List their differences. Java provides the Comparable interface, which contains only one method, called compareTo). This method compares two objects, in order to impose an order between them. Specifically, it returns a negative integer, zero, or a positive integer to indicate that the input object is less than, equal to or greater than the existing object. Java provides the Comparator interface, which contains two methods, called compare) and equals). The first method compares its two input arguments and imposes an order between them. It returns a negative integer, zero, or a positive integer to indicate that the first argument is less than, equal to, or greater than the second. The second method requires an object as a parameter and aims to decide whether the input object is equal to the comparator. The method returns true, only if the specified object is also a comparator and it imposes the same ordering as the comparator.
12What is Java Priority Queue?
The PriorityQueue is an unbounded queue, based on a priority heap and its elements are ordered in their natural order. At the time of its creation, we can provide a Comparator that is responsible for ordering the elements of the PriorityQueue. A PriorityQueue doesn’t allow null values, those objects that don’t provide natural ordering or those objects that don’t have any comparator associated with them. Finally, the Java PriorityQueue is not thread-safe and it requires O(log(n)) time for its enqueuing and dequeuing operations.
13What do you know about the big-O notation and can you give some examples with respect to different data structures?
The Big-O notation simply describes how well an algorithm scales or performs in the worst case scenario as the number of elements in a data structure increases. The Big-O notation can also be used to describe other behaviours such as memory consumption. Since the collection classes are actually data structures, we usually use the Big-O notation to chose the best implementation to use, based on time, memory and performance. Big-O notation can give a good indication of performance for large amounts of data.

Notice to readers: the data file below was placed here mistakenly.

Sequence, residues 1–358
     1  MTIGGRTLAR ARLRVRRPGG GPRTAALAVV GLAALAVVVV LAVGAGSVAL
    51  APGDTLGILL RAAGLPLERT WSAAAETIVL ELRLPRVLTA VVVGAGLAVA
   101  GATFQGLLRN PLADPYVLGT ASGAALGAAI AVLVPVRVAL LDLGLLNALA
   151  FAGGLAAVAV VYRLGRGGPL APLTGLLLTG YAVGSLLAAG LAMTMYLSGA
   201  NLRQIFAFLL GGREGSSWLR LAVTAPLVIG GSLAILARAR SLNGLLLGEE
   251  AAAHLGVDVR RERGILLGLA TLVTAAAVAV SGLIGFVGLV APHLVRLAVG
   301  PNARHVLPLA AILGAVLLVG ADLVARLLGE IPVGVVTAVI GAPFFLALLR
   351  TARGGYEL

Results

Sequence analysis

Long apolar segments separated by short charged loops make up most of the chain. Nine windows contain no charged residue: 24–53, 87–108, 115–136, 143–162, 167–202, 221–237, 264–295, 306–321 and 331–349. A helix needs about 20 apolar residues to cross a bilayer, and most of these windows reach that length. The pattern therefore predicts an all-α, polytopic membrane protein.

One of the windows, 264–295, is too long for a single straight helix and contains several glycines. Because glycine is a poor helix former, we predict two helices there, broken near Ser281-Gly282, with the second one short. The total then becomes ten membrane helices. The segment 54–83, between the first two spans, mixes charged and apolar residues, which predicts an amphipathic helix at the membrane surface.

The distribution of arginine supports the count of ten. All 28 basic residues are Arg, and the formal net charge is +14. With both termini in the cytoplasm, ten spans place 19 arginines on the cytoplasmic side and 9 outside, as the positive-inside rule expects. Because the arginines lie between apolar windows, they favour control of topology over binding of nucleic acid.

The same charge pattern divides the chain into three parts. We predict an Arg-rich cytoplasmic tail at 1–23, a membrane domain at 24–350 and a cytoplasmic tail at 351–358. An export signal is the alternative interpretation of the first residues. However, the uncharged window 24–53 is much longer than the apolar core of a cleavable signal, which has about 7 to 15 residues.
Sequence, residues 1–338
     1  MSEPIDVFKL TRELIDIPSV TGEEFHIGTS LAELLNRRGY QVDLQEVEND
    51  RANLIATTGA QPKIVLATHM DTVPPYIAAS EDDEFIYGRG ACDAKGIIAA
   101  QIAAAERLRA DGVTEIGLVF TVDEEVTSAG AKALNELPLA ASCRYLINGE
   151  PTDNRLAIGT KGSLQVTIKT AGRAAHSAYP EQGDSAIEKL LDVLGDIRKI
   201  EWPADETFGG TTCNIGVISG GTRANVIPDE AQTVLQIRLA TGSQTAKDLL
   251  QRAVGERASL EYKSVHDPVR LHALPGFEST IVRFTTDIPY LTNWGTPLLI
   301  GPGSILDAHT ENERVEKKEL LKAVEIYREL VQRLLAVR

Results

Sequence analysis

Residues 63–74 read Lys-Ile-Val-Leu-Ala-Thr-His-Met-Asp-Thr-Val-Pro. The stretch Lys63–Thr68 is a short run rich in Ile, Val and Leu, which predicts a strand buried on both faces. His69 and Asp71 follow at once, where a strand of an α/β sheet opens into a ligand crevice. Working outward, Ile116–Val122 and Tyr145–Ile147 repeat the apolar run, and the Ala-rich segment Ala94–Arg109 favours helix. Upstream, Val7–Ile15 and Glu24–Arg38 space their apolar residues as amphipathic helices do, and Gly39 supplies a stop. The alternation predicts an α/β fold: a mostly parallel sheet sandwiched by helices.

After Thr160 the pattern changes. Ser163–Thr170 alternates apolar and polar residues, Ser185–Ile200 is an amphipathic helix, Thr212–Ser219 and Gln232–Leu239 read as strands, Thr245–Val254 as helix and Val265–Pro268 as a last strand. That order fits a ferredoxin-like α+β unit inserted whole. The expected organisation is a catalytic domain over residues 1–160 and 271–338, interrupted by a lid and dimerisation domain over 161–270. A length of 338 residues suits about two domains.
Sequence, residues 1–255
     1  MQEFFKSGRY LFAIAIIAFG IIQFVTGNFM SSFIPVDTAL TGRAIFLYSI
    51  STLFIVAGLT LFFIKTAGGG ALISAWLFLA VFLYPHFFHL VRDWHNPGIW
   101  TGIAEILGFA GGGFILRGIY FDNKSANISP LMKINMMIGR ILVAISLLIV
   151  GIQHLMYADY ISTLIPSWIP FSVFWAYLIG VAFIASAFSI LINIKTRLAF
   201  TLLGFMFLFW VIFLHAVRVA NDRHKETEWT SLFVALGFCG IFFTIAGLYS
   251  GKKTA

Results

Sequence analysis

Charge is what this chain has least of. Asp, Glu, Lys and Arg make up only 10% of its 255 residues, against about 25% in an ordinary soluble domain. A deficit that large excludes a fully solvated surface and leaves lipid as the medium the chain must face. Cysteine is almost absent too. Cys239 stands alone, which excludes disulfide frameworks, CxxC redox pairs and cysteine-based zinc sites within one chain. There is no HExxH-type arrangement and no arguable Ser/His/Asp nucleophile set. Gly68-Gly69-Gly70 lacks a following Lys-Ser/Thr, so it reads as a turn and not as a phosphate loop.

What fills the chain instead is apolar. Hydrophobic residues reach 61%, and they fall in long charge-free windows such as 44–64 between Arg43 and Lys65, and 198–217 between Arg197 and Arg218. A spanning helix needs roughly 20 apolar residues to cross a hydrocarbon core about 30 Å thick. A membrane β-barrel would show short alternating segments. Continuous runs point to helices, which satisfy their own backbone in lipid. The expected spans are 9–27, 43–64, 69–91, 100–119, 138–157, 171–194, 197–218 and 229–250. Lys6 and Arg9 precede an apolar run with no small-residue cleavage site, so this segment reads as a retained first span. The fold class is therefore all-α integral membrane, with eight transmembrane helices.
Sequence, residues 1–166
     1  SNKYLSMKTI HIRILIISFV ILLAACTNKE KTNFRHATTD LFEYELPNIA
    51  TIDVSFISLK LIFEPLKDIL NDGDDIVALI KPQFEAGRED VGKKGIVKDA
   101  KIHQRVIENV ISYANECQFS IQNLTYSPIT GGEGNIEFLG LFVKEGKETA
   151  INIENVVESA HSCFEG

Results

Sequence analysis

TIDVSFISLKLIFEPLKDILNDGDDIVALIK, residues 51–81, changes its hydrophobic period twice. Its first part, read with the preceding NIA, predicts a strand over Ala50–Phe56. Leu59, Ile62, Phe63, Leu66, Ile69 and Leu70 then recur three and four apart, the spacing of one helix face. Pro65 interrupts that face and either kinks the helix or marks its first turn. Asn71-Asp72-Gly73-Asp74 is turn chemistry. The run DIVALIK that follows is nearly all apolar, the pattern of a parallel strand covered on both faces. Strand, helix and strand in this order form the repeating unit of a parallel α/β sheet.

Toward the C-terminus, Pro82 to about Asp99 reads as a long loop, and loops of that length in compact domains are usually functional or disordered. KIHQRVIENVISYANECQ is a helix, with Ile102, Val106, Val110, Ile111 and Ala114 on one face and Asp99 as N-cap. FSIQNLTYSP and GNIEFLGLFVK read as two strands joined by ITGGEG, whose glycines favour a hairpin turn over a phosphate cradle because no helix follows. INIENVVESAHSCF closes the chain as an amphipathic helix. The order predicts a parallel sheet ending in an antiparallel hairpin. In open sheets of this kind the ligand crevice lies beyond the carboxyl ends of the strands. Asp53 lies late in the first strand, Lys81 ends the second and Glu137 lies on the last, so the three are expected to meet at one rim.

14What is the tradeoff between using an unordered array versus an ordered array?
The major advantage of an ordered array is that the search times have a time complexity of O(log n), compared to that of an unordered array, which is O (n). The disadvantage of an ordered array is that the insertion operation has a time complexity of O(n) because the elements with higher values must be moved to make room for the new element. Instead, the insertion operation for an unordered array takes constant time of O(1).
15What are some of the best practices relating to the Java Collection framework?
- Choosing the right type of the collection to use, based on the application’s needs, is very crucial for its performance. For example, if the size of the elements is fixed and know a priori, we shall use an Array, instead of an ArrayList.
- Some collection classes allow us to specify their initial capacity. Thus, if we have an estimation of the number of elements that will be stored, we can use it to avoid rehashing or resizing.
- Always use Generics for type-safety, readability, and robustness. Also, by using Generics you avoid the ClassCastException during runtime.
- Use immutable classes provided by the Java Development Kit (JDK) as a key in a Map, in order to avoid the implementation of the hashCode and equals methods for our custom class.
- Program in terms of interface not implementation.
- Return zero-length collections or arrays as opposed to returning a null in case the underlying collection is actually empty.
16What’s the difference between Enumeration and Iterator interfaces?
Enumeration is twice as fast as compared to an Iterator and uses very less memory. However, the Iterator is much safer compared to Enumeration, because other threads are not able to modify the collection object that is currently traversed by the iterator. Also, Iterators allow the caller to remove elements from the underlying collection, something which is not possible with Enumeration.
17What is the difference between HashSet and TreeSet?
The HashSet is implemented using a hash table and thus, its elements are not ordered. The add, remove and contains methods of a HashSet have constant time complexity O(1). On the other hand, a TreeSet is implemented using a tree structure. The elements in a TreeSet are sorted, and thus, the add, remove and contains methods have a time complexity of O(logn).